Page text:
Courtney Barnett | Sound Takes

Sound Takes: Sometimes I Sit and Think, and Sometimes I Just Sit

By

Courtney Barnett
Sometimes I Sit and Think, and Sometimes I Just Sit (Mom + Pop)

There was an article recently in Alt Press about how people tend to stop listening to new music at the age of thirty-three. Being thirty-two, I worried that, more or less, the damage was done and that the only new music I really listen to is whatever I cannot avoid.

The good news, however, is that my wife Jenn is great about listening to new music and she is showing no signs of slowing down in that regard, so hopefully I might luck out. In the car a few weeks back, she said to me “I think you’ll dig this.” As Courtney Barnett’s vocals in “Pedestrian at Best” got going, I realized Jenn was right: I did dig it. I dug it a whole lot. This was just the thing I felt like I had been looking for some time now: rough, great lyrics, not overproduced, not over anything.

There is no beauty to be found directly on the surface of Sometimes I Sit and Think, and Sometimes I Just Sit, Barnett’s debut album: her vocals are deadpan, her guitar playing is straight forward, and her lyrics cover the most mundane of topics. I say “mundane” because that’s the word she uses, including in a previous single, “Avant Gardener,” which you should also listen to and commit to your DNA. In short, her songs are amazing. There is an energy in Barnett’s songs that I have been missing for myself lately in listening to music. I flip endlessly through songs on my phone or Spotify, trying to find some elusive sound that just cannot be found.

But then there is Barnett. Like a whip-crack into my ears, her songs reverberate through my head. I feel my body move a little. I grip the steering wheel a little tighter. In the house, I stop whatever else I am doing and just listen and tap my fingers and my toes. Full disclosure: there is probably some air guitar in there too.

Barnett does not attempt to wow her listener with any of her songwriting skills, but wow she does. Her vocals reveal the true nature of the mundane, that there is an abyss in everyday life that cannot be avoided. Repetition will kill your soul but maybe that is alright. Maybe it is alright that life goes on quietly and we should not poke at it hoping for more.

In fact, whenever we do try for more, life has a way of biting us back. In “Dead Fox,” the mere desire to not eat “shit” ends up giving way to the corporate hegemony of everything around us. Whole Foods and hipsters are great, but we are handing money over to a company as powerful as any other. For Barnett here, “organic” is a sticker saying we have bought into a hype and not done anything to vastly improve ourselves or our environment. “If you can’t see me/I can’t see you,” she sings in the chorus, mimicking the bumper sticker on many trucks. They cannot see us, though, because they are not looking.

In “Depreston,” we are onto the mundane task of looking for a place to live. Since as I write this I am looking for a place to live, perhaps this heightens my feelings on the subject. We are in a place where someone has lived with Barnett, and she is looking at their normal life in their normal Melbourne suburb, imagining how awful it must be. But it is not: It is life regardless, and it is quiet, and there are advantages in the middle of this depressing place. All you need is half a million dollars and you can have whatever you want, so long as it is in this place.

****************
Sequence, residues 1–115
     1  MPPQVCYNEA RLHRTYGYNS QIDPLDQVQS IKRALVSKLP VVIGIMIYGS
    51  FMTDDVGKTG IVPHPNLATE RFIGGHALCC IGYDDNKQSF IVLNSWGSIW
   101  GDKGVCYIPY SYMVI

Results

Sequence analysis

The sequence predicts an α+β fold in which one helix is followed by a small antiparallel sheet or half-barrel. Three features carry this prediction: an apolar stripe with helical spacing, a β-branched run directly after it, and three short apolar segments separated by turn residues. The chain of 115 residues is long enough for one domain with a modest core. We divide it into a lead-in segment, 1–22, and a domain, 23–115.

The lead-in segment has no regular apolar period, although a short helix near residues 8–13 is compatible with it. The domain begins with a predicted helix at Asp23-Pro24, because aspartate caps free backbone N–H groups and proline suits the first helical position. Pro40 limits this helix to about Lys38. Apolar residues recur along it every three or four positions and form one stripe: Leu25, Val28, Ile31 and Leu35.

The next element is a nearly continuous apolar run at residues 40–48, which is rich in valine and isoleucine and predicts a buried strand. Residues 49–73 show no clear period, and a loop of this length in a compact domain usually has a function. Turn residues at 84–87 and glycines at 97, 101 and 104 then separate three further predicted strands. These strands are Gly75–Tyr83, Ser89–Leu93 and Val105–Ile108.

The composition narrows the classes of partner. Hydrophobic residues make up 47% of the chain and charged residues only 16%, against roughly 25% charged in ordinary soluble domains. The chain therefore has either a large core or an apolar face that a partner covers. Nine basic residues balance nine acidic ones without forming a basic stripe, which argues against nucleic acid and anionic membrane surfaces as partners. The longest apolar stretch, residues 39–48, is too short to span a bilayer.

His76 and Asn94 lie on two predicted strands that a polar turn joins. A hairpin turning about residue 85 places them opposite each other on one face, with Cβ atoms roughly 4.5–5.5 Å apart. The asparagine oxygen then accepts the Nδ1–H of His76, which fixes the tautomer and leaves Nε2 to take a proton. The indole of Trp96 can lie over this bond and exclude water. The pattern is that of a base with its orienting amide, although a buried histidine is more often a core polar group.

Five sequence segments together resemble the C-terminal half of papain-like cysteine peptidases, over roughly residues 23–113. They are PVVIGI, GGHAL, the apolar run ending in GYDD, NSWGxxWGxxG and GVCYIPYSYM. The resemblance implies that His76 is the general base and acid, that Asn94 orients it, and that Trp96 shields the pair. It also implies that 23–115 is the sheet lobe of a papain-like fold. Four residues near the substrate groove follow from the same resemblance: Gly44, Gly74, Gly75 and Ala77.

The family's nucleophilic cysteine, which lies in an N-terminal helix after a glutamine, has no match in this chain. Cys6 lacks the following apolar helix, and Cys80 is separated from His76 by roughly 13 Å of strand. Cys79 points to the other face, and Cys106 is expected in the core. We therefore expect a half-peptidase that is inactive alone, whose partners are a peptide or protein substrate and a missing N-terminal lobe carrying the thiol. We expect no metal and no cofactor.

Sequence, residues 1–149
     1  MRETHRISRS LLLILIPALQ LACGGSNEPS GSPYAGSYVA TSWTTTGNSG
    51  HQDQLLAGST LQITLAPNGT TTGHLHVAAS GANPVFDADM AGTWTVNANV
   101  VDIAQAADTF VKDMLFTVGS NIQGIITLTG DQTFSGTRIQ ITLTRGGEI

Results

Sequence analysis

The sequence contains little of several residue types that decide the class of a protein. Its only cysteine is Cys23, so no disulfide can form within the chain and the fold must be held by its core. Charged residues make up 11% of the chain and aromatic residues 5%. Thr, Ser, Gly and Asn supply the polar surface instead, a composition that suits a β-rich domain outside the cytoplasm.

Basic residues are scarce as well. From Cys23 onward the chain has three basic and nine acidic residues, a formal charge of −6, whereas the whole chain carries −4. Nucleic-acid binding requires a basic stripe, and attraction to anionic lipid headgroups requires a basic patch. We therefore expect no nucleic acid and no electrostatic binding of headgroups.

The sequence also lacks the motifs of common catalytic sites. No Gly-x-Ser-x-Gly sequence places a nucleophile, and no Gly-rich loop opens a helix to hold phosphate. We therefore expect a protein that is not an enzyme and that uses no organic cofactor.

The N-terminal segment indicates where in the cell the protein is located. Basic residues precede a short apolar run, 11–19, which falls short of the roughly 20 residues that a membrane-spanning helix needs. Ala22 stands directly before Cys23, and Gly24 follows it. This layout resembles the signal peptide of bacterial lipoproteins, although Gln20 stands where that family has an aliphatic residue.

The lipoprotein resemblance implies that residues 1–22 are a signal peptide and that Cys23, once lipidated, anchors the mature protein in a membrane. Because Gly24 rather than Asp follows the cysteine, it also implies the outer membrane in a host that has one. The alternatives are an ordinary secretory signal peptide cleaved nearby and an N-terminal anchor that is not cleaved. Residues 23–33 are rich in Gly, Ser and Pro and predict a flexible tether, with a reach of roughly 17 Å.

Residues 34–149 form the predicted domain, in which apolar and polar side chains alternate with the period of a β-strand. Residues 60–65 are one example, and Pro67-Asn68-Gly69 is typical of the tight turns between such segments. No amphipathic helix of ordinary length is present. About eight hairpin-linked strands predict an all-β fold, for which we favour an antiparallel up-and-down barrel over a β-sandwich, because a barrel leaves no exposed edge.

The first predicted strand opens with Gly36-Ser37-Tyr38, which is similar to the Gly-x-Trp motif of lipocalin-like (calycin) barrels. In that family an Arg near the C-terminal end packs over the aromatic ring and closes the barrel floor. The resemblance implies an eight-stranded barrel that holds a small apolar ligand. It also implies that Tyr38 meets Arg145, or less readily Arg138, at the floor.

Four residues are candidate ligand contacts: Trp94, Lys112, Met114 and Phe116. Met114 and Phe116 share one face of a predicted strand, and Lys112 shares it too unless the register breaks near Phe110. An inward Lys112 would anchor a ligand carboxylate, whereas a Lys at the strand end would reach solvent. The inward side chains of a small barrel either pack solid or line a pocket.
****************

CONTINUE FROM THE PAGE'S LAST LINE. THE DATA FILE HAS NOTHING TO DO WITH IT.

Barnett’s guitar playing relies more on what feels right versus technical skill, something that comes more from the period before she started taking guitar lessons, learning on her own or from siblings or friends. She is not blowing anyone away with fast work or beautiful lines. In many ways, quite the opposite is going on. In “Depreston,” the lick is a simple slide of the pinky, just gently moving up and back down the fingerboard. She uses effects but nothing like you hear on most modern records attempting to cover up some kind of sloppy playing. No, her playing is right out in the open, the effects merely accentuating every song they are used on. She thrashes at times, at times merely plucking away softly. Her dynamic range there is skillful but not overpowering. She learned slowly, she said in an interview, first on her own and then through lessons. But the lessons have merely backed up some innate desire to play rather than turned her into some wunderkind.

Rarely do I jump at anything of late. This is not to say that I have not liked recent books or poems or essays or television shows, but I have not had anything really hit me and drag me in for consumption. Rarely have I listened to an entire new album all the way through, as we seem to have returned to a pre-1965 culture that no longer values the long work but rather the catchy single. This one, though, is perfection. Not the kind of perfection of every note played perfectly or every lyric being perfect, but of a kind of raw, wonderful tone that is struck and sustained throughout.


Amish Trivedi writes poems and other things. His first book, Sound/Chest (Coven Press), came out in early 2015. Reviews of books are in Sink Review and Pleiades while a review of the Rolling Stones' The Brussels Affair was published in ColdFront. He is managing editor for N/A. You can follow his failed comedy career on Twitter (@AmishTrivedi). More from this author →